Why 517 schools were named ‘America’s Healthiest’

The Alliance for a Healthier Generation honors a select group of K-12s for helping promote nutrition and wellness
By: | August 26, 2020
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A focus on health and wellness has become imperative for K-12 districts as they face long roads ahead in keeping students and faculty safe and well during the coronavirus pandemic.

These select schools already have a good start.

More than 500 schools from across the U.S. have been honored by the nonprofit Alliance for a Healthier Generation for their efforts in “promoting and instilling quality nutrition, regular physical activity and strong wellness policies.”

Among these “Healthiest Schools”, 78% represent underserved communities. Together they have been leaders in giving students opportunities to be active throughout the day and meet or exceed federal nutrition guidelines in school-served meals.

“School leaders play a critical role in supporting children’s health,” said Donna Mazyck, executive director of the National Association of School Nurses (NASN). “NASN believes that good nutrition, regular physical activity and social-emotional wellness are key building blocks to academic success, and we applaud this cohort of schools for their commitment to helping students thrive.”

The Alliance recognized a select group of schools for achieving gold-level status. They include: Walnut Elementary School in La Habra, Calif.; North Valley Military Institute College Preparatory Academy in Sun Valley, Calif.; Belcher Elementary School in Clearwater, Fla.; John Sexton Elementary School in St. Petersburg, Fla.; Gateway Elementary School in St. Louis, Mo.; and Bay View Middle School in Green Bay, Wis.

Prepared for COVID-19

Though many schools have started or will start the year with remote learning, the Alliance said those who have placed importance on health and wellness will be in strong positions to provide assistance to others in need when they do reopen or even from a distance. Some of the areas it highlighted include:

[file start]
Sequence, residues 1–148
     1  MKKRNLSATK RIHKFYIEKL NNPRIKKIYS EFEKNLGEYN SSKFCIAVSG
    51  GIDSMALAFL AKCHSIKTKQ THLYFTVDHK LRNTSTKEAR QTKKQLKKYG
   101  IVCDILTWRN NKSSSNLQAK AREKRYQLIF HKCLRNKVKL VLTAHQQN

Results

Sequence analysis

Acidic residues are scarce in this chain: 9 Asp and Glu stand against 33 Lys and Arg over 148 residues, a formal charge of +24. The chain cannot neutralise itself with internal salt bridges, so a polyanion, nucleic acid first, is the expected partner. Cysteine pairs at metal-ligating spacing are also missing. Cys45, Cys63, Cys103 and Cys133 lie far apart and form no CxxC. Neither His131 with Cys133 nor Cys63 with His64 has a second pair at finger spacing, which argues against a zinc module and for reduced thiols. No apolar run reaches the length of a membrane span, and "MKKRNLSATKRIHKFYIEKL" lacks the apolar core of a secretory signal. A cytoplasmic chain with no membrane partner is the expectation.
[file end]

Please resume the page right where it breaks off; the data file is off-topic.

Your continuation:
• Preparing and distributing free, healthy meals to families
  • Offering virtual, healthy cooking classes
  • Hosting interactive physical education classes online
  • Creating virtual community-based events to raise funds for local food pantries and essential services
  • Establishing rotating schedules to tend to and harvest fresh produce from school gardens
  • Distributing online social-emotional and mental health resources to students, families and staff

“We commend this cohort of school leaders for prioritizing the essential health needs of students and staff in a time of great challenge and with limited resources at their disposal,” said Kathy Higgins, chief executive officer of the Alliance for a Healthier Generation. “Over time, these awardees established strong foundations in health – allowing them to pivot and adapt to meet acute health and wellness needs in a year unlike any other.”

For those schools who are looking to kickstart healthy habits and programs in their schools, the Alliance provides a number of valuable tools on its website. Among them is a Take Action Center plan that helps schools assess their position on health and nutrition and develop a plan for the future. There are also a number of informative resources such as a Smart Food Planner, Fitness Breaks, Physical Activity Break Cards and Employee Wellness Staff Survey.

In addition, the website features a six-part series called “Caring for the Education Community” that provides helpful guidance to teachers and staff during COVID-19 with webinars and training sessions, including topics such as Stress Management for Educators, Self Care for Educators and Finding Balance in Disorienting Times.


Chris Burt is a reporter and editor for District Administration. He can be reached at cburt@lrp.com